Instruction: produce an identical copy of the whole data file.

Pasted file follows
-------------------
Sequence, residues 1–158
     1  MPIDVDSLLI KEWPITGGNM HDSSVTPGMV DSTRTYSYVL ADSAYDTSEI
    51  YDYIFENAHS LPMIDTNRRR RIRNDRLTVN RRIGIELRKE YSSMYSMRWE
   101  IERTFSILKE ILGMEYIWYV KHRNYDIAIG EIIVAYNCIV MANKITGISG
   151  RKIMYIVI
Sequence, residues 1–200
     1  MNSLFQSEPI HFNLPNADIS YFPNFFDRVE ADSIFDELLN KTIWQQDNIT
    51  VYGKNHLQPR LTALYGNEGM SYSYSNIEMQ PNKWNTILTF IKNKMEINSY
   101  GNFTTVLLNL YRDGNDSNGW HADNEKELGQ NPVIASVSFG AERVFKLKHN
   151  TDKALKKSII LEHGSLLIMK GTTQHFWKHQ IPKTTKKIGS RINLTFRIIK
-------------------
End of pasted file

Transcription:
Sequence, residues 1–158
     1  MPIDVDSLLI KEWPITGGNM HDSSVTPGMV DSTRTYSYVL ADSAYDTSEI
    51  YDYIFENAHS LPMIDTNRRR RIRNDRLTVN RRIGIELRKE YSSMYSMRWE
   101  IERTFSILKE ILGMEYIWYV KHRNYDIAIG EIIVAYNCIV MANKITGISG
   151  RKIMYIVI
Sequence, residues 1–200
     1  MNSLFQSEPI HFNLPNADIS YFPNFFDRVE ADSIFDELLN KTIWQQDNIT
    51  VYGKNHLQPR LTALYGNEGM SYSYSNIEMQ PNKWNTILTF IKNKMEINSY
   101  GNFTTVLLNL YRDGNDSNGW HADNEKELGQ NPVIASVSFG AERVFKLKHN
   151  TDKALKKSII LEHGSLLIMK GTTQHFWKHQ IPKTTKKIGS RINLTFRIIK